**Decision Science News » R**, and kindly contributed to R-bloggers)

WITH DATA LIKE THESE, WHO CAN SAY?

Decision Science News is no stranger to misleading infographics in free New York newspapers. We could upgrade to real newspapers, but we find that playing “spot the infographic flaw” really makes the time fly on the subway.

We saw the above graphic in a paper called Metro. In New York City, restaurants are graded by health inspectors and receive an “A”, “B”, or “C” rating (any lower than C and they are shut down). This graphic was supposed to inform us about the percentage of restaurants with As, by borough and citywide. Can you spot the goof?

You might be curious how the weighted average of 73.3%, 62.8%, 63.6%, 61.4%, and 62.2% could be 69% (shown in the red box) given that 73.3% gets the smallest weight in the average.

Ignoring the top row in the table, a simple calculation from the remaining numbers gives 63.6% as the percentage of restaurants with As. But which stat is correct? Perhaps the top row is correct and some other numbers in the table are wrong.

Amazingly, the same day, AM New York, yet another free paper, ran more or less the same story, but with different numbers. Based on those, 68% of restaurants had As. Disappointingly, all their by-borough percentages failed to line up with hose from Metro (see R code at end of this article).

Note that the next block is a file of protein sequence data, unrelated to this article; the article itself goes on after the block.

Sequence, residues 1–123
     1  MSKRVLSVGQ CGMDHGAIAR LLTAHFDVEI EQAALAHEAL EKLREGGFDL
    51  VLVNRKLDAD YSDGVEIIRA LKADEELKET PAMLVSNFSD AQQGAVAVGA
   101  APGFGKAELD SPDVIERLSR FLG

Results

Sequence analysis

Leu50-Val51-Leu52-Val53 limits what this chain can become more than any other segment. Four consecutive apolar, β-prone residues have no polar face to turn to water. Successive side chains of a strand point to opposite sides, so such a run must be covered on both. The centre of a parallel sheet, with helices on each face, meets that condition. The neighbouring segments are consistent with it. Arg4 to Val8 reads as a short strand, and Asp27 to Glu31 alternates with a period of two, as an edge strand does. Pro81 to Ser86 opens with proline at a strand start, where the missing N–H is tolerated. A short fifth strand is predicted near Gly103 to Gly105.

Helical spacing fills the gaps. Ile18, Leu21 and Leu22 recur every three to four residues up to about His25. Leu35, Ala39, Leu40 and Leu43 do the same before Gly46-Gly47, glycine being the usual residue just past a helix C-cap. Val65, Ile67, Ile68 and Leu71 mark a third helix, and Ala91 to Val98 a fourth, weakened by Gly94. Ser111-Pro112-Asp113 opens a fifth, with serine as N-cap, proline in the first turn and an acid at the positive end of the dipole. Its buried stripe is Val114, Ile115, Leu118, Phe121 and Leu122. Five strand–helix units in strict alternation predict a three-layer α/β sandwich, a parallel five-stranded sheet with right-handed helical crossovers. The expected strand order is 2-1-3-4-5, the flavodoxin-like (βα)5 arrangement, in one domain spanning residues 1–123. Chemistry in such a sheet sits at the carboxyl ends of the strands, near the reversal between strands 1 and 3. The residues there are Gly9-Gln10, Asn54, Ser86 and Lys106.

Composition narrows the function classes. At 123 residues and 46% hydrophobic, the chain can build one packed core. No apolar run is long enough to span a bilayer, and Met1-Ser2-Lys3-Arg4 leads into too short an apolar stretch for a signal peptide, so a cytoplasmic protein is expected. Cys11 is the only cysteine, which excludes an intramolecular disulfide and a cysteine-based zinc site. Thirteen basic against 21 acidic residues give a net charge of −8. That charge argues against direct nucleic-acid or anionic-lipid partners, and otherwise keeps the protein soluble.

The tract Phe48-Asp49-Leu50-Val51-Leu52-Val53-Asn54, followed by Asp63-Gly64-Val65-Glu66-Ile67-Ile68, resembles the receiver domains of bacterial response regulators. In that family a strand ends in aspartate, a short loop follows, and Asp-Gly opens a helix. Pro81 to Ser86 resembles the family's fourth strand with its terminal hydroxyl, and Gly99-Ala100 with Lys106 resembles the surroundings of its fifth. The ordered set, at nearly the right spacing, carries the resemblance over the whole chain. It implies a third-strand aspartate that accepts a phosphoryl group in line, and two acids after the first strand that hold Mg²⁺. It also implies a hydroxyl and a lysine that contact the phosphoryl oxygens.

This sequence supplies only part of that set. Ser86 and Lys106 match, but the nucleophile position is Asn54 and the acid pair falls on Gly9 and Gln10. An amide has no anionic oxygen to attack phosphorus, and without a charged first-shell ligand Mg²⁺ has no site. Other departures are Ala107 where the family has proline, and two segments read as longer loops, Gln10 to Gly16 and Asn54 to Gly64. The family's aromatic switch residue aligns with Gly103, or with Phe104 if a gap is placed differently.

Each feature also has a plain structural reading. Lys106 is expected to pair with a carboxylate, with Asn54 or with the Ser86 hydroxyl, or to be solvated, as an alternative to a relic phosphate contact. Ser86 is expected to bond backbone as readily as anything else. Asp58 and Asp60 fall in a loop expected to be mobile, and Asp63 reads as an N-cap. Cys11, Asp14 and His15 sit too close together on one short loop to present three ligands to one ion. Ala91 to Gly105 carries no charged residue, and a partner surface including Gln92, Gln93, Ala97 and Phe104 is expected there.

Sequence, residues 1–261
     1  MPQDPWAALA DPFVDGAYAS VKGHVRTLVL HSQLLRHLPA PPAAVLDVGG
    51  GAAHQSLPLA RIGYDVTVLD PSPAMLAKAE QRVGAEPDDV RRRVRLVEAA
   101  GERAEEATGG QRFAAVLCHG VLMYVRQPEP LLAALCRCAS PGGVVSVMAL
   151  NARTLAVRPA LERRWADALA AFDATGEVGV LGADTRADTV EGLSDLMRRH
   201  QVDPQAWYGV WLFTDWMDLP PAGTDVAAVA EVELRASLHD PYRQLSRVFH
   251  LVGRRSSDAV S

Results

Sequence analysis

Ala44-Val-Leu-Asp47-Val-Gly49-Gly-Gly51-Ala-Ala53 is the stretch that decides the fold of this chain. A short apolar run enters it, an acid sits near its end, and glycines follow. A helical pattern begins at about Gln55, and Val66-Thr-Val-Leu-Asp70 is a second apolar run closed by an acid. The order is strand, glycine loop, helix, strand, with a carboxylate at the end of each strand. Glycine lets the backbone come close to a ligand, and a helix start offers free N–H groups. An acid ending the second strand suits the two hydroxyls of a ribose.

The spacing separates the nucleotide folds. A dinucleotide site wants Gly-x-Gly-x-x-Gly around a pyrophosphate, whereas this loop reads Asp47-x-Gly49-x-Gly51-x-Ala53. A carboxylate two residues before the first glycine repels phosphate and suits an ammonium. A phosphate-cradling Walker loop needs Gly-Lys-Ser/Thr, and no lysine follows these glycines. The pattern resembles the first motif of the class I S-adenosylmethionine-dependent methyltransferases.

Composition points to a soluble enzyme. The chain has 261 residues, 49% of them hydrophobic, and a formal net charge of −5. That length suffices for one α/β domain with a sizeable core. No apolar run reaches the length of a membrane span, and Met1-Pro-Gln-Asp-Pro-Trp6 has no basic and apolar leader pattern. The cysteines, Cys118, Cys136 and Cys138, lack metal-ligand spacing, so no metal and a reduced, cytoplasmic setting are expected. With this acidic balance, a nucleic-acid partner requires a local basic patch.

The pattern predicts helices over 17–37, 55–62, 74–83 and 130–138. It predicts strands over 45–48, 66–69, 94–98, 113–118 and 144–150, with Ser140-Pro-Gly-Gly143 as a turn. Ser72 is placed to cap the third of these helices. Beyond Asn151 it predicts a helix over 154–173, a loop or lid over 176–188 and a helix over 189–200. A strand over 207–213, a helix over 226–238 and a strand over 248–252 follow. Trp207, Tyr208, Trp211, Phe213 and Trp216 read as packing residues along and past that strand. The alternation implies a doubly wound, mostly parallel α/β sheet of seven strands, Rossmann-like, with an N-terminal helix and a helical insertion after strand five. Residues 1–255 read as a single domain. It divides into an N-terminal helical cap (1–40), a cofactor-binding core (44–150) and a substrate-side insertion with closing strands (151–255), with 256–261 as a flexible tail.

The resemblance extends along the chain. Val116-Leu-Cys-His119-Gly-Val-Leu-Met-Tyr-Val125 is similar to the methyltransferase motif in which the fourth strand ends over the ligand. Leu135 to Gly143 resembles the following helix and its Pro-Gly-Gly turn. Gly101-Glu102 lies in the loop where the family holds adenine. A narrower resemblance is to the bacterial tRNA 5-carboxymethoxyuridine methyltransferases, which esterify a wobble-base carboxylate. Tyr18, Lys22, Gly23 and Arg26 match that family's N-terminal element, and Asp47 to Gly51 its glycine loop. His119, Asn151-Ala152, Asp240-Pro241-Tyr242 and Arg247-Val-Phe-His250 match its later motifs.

Decision Science News then tried to cut out the middleman and hit the New York City Department of Health and Mental Hygiene Website. Pie charts are much maligned, but when it comes to the topic of food safety, why not? If it were up to us, we would have drawn in a crust and whipped cream, but then our taste in charts is controversial.

Taken from http://www.nyc.gov/html/doh/downloads/pdf/rii/restaurant-grading-1-year-report.pdf

So, we now have four candidate figures, 69%, 63.6%, 68% and 69%, which are in no way independent, but do suggest the answer is “just shy of 70%”.

Another interesting tidbit in the health department’s report is that the restaurant grades may be effective at changing restaurants’ behavior. At first inspection, 39% of restaurants got As, 34% got Bs, and 27% got Cs. From page 3:

Among those scoring in the B range on initial inspection, nearly 40% improved to earn an A on reinspection. Of restaurants that scored in the C range on their initial inspection, 72% improved enough to earn an A or B on re-inspection.

There you have it!

R CODE FOR R NERDS

################

#Metro data

graded=c(22454,2204,5235,9086,5030,899)

asMetrostated=c(.69,.662,.628,.636,.614,.733)

asMetrocount=round(asMetrostated*graded)

metro=data.frame(graded,asMetrostated,asMetrocount)

row.names(metro)=c("citywide","bronx","brooklyn","manhattan","queens","statenIsland")

metro

sprintf("Total graded: %d", sum(metro[2:6,1]))

sprintf("Total As: %d", sum(metro[2:6,3]))

sprintf("Percent As: %.2f", (sum(metro[2:6,3]) / sum(metro[2:6,1]) * 100))

################

#AM New York data

statenIsland=c(644,73,20,82)

queens=c(3009,601,152,806)

brooklyn=c(3197,619,152,774)

bronx=c(1394,260,54,332)

manhattan=c(5792,1006,256,1314)

am=data.frame(bronx,brooklyn,manhattan,queens,statenIsland)

am[5,]=apply(am[1:4,],2,sum)

am[6,] = am[1,]/am[5,]

row.names(am)=c("A","B","C","GradePending","total","As")

round(am,2)

sprintf("Percent As: %.2f", sum(am[1,]) / sum(am[5,]))

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